Former Calgary Flames captain Joe Nieuwendyk gets honoured with his Forever a Flame induction prior to the Calgary Flames game against the New York Islanders Friday night at the Saddledome.
Photograph by: Stuart Gradon, Calgary Herald
Imagine walking out of the Montreal Forum with the Stanley Cup.
Imagine having reached hockey’s pinnacle with your best friend.
Imagine you’re only 22 years old.
“It was interesting for Gary Roberts and me … you’re thinking, ‘Life is good — we’re going to do this many times,’ ” Joe Nieuwendyk says of the Calgary Flames’ championship run of 1989. “When I look back now, you realize how difficult it was. The greatest lesson for me was to see what it meant to some of our older guys. Especially Lanny (McDonald). But (also) Jim Peplinski. Timmy Hunter. Brad McCrimmon. Joey Mullen. It was a big deal.
“We were young, but to see those lessons made me realize … because, after that, I went 10 years without tasting it again or even getting close.”
Nieuwendyk, of course, did again sip from the Stanley Cup. Two more times, in fact.
No one has to remind Flames coach Bob Hartley.
“Joe Nieuwendyk, I can tell you, killed us on many occasions,” says Hartley, whose Colorado Avalanche faced Nieuwendyk’s Dallas Stars more than once in post-season feuds. “I can see the goal many times — walking out of the corner, beating our defenceman one on one, putting a backhand past Patrick Roy in OT, I believe, in Game 5 one year in Dallas. Great playmaker. Great competitor. Great offensive skills.
“For us to be able to be part of his night? It’s quite an honour.”
The honour is Nieuwendyk’s, who — Friday before the game against the New York Islanders — became a member of the Forever A Flame club.
The jerseys of Mike Vernon and McDonald are actually retired.
Al MacInnis was granted first entry into the Forever A Flame program.
“Well, it feels great,” says Nieuwendyk, 47, chatting with reporters hours before the ceremony at the Scotiabank Saddledome. “So much of my early history, my start here with this organization … I’m very grateful. A lot of memories. A lot of former teammates that live in this area. It’s just a classy organization that’s rolling out the red carpet. It’s a little overwhelming.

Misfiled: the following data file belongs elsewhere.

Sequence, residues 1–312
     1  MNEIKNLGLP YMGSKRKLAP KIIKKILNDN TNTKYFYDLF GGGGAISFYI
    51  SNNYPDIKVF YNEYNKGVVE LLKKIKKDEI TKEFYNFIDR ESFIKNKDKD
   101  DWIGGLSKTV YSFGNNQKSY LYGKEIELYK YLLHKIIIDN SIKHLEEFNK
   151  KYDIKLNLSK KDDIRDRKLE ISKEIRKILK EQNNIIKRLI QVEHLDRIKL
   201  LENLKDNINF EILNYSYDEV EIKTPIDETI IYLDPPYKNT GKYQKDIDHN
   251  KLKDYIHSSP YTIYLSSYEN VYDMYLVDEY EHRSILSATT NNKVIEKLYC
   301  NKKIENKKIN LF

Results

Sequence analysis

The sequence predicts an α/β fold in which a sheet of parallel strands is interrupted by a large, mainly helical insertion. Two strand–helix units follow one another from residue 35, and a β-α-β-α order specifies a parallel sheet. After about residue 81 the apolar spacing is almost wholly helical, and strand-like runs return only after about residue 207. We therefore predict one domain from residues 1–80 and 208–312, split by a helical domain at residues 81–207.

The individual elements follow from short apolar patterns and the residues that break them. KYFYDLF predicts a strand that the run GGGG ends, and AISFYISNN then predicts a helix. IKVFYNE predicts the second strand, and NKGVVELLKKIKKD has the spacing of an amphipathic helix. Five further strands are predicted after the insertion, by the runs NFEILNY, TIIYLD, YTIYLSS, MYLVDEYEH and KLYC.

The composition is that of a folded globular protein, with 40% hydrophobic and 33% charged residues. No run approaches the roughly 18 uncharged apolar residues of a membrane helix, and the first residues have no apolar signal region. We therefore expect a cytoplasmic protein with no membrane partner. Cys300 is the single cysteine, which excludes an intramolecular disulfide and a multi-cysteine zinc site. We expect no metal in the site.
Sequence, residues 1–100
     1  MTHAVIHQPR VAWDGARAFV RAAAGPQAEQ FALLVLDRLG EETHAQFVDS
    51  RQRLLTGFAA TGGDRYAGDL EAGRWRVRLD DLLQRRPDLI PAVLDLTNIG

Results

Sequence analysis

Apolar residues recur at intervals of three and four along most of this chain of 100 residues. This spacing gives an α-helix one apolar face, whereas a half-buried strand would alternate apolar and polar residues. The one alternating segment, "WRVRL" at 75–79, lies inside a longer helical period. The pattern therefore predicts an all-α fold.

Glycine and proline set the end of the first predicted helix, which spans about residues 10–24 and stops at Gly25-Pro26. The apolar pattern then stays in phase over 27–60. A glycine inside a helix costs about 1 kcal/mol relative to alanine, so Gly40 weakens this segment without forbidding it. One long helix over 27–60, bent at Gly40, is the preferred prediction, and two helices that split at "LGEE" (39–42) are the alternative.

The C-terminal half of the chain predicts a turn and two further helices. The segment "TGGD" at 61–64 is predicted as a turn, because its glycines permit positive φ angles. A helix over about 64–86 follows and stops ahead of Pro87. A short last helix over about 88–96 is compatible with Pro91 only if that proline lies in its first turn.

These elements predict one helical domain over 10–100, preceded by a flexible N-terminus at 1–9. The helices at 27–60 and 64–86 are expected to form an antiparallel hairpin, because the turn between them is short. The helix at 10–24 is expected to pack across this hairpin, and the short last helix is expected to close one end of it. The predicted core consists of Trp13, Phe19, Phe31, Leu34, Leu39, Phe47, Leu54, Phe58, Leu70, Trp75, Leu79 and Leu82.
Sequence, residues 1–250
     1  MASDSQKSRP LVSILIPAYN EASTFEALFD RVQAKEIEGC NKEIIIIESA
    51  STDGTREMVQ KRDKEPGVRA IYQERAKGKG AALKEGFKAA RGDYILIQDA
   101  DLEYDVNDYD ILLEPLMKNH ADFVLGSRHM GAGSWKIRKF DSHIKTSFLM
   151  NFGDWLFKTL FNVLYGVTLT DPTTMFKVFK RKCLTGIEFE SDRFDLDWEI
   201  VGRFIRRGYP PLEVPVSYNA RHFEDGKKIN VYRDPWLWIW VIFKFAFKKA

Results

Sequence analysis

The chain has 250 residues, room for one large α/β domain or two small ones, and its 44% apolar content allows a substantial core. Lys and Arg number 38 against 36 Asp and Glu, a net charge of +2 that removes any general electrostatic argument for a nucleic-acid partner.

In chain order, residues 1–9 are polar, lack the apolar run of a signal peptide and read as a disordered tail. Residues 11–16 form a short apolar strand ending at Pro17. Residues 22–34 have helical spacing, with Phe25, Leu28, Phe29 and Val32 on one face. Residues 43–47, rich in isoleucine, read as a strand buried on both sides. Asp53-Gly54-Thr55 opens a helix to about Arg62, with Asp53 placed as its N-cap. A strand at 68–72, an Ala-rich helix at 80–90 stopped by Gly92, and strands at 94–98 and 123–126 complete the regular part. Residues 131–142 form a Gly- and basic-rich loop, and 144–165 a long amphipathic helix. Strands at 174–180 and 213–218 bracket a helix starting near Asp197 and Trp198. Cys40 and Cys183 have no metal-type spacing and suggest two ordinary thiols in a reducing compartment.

“I’m thrilled. I see some familiar faces around here and we all shared in that time period of the late ’80s. It was a special moment for all of us. To be Forever A Flame with the three guys that went before me … is a thrill. And I’m sure there’s a handful of guys that are still to come.
“Obviously winning that Cup was real special. But bigger than that was just the feeling that we had within this city, within this Flames family.”
Plenty of Flames alumni were on the ice for the ceremony, including Roberts, who was moved by the night.
“That was pretty cool,” Roberts said. “When I got the invite I called my mom and dad and said ‘I need you again. To look after the kids.’
“I remember the first time we met, sure. We met at the arena (in Whitby). He was an Owl. I was a Wren. One hundred per cent. No lie. Our Squirt teams were named after birds. I lined up across from him. I was the centreman on the Wrens, he was the centreman on the Owls. I won the faceoff. The only faceoff I ever beat him — we were five.
“And I remember Joe tearing up on the line when they were handing the Stanley Cup to Lanny and I said ‘That was easy. How many more of those are we going to win? We’re only 23 buddy.’ I shouldn’t have said it. He went on to win two more. And I didn’t win another one.
“Back then, we thought we’d always be Calgary Flames. And looking back, we were both so lucky to have come to an organization like this when we were young.”
After leaving Calgary in 1995 — in exchange for Jarome Iginla and Corey Millen — Nieuwendyk captured NHL titles in Dallas (1999) and New Jersey (2003).
(As far as being wooed for the Flames’ general-manager vacancy, Nieuwendyk replied: “Well, I’m not here for that. I’m obviously here to be a part of this special event.”)
Compiling 1,126 points, including 564 goals, in 1,257 regular-season appearances — and being the winner of the Calder and Conn Smythe trophies — he has been inducted into the Hockey Hall of Fame.
In 2010, Cornell University retired that familiar No. 25 sweater.
“What a great career,” says Hartley. “It’s great to see those players come back … where they started. Joe won a Stanley Cup here. We always kind of take this game for granted. But when you see the Joe Nieuwendyks around … many times, I’ll walk on the bench and see the alumni play and I look at those pictures (of the championship team). It’s great.
“Someone before us, they traced that line (of success) — and Joe Nieuwendyk did it in a classy way.”
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